Mild observations that sides are never as good or bad in defeat or victory as they seem to be never quite fit the zeitgeist, with kneejerk responses always a more fitting way to meet events. Yet with England today having an exceptional time of it, doubtless the same overreactions will apply, despite little of material fact changing.

England have played well here, but in a similar manner to how they have done so when succeeding over the last few years. Cook batted beautifully yesterday, and drew the sting from some fine bowling. He didn’t carry on for too long today, but can count himself unlucky to say the least to be on the rough end of a marginal lbw call. He deserved a hundred, but as has been pointed out, context free discussion of Root’s conversion problem can apply equally well to an unlucky Cook.

With his removal, Stokes and Bairstow went on the attack. Ah, now there’s a thing. It came off. Both players took some chances, played their shots and changed the context of the day, South Africa unable to contain them as the runs flowed at 5 an over. Outcome is all, for had that calculated risk not succeeded, it really isn’t hard to imagine the plethora of comment about being unable to play at a Test match tempo, preferably blaming current shibboleth, T20. The point there is that those critics aren’t wrong, but nor are they right just to point it out when it goes wrong. Responding to every move on the basis of whether it works or not is no way of assessing whether the strategy is a sound one, it’s a far deeper question than that.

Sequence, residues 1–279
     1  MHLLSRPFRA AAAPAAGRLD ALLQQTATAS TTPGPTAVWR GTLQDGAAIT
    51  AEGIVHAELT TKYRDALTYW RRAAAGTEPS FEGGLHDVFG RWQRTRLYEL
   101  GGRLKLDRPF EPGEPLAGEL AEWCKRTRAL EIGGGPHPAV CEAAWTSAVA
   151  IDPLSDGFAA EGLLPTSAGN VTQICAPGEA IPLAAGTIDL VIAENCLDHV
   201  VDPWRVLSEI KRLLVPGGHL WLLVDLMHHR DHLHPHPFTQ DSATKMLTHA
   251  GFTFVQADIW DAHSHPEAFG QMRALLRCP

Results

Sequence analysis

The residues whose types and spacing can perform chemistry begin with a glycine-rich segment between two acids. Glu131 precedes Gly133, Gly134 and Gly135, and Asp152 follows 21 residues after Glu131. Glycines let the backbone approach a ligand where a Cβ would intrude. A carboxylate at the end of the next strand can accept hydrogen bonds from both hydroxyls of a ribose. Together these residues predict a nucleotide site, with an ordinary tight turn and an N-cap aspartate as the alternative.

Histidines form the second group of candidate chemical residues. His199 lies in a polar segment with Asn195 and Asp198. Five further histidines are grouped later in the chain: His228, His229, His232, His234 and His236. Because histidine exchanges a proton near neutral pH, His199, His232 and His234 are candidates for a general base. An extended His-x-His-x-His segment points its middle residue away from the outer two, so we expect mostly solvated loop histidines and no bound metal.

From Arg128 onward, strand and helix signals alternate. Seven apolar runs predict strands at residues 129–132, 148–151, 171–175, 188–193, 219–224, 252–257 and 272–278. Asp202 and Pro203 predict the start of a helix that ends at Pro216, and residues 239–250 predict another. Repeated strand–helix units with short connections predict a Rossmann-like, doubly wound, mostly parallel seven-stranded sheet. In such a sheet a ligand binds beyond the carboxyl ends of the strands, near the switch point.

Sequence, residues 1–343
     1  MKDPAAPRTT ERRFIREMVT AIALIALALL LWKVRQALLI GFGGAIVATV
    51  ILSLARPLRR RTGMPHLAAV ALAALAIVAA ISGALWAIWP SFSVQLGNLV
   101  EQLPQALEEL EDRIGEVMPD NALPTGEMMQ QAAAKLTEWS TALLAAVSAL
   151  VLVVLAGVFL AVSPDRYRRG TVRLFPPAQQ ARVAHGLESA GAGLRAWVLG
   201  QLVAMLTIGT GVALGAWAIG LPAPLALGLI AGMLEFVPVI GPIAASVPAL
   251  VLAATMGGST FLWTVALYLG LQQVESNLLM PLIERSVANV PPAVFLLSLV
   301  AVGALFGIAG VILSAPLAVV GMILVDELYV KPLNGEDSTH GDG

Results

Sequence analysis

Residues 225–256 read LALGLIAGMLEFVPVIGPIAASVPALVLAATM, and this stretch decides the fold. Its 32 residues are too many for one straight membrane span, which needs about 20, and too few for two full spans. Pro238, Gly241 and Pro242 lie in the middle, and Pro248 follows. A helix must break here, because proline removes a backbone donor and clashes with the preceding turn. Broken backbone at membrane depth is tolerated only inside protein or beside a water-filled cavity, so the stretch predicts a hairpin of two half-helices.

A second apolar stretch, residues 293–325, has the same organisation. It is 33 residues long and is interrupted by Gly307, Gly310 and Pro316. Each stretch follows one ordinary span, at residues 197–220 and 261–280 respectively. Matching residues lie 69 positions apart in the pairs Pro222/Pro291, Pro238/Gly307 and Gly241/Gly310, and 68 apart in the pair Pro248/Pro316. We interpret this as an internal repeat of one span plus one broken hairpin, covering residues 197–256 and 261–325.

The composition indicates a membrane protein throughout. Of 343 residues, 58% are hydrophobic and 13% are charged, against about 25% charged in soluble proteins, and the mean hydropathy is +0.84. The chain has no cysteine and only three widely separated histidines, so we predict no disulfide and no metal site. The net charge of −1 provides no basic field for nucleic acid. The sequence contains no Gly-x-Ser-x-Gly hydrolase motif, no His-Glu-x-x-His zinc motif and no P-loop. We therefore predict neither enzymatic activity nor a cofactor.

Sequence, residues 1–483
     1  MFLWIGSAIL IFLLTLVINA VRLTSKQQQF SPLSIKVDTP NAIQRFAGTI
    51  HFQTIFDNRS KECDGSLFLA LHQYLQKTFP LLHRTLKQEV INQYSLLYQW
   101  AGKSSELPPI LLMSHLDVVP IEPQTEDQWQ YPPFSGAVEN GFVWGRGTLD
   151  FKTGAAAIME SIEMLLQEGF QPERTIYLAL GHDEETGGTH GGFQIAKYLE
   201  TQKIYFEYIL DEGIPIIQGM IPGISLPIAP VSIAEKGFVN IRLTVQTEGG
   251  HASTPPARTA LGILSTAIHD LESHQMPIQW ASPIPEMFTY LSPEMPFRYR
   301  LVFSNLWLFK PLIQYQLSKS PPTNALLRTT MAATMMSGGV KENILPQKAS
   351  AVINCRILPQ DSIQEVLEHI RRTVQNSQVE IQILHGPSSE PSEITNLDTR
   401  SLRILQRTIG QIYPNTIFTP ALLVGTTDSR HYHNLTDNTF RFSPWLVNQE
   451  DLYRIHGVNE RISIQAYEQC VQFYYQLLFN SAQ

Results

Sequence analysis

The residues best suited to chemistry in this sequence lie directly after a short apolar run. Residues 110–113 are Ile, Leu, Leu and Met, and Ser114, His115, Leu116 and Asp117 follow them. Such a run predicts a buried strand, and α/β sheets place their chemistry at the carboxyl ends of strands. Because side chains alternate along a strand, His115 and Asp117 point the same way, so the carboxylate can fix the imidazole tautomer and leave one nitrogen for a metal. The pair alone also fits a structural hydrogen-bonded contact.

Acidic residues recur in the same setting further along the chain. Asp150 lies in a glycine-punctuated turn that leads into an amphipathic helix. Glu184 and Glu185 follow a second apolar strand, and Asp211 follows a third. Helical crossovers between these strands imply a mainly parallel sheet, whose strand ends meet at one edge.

That Stokes batted beautifully is not the point, it’s a matter of whether he (and the rest of the middle order) are given the latitude to fail as well as succeed playing this way. Forgetting the bad days just because today was a good one is as flawed as the other way around. England haven’t changed, nor has that middle order, it’s just that today they batted well in a similar style to when they did badly, and not just when failing spectacularly to save a match.

That’s not to downplay how good today was for a moment, for 353 always looked above par, even before what followed. There were decent contributions most of the way down, it was – as often – a surprise that Bairstow got out, while Moeen Ali took his controversial dismissal on review remarkably well. Toby Roland-Jones will think Test cricket is easy given he scored his runs at a healthy lick before having something of a party in his primary role.  He may or may not succeed as a Test cricketer, but not every player gets to have days like this.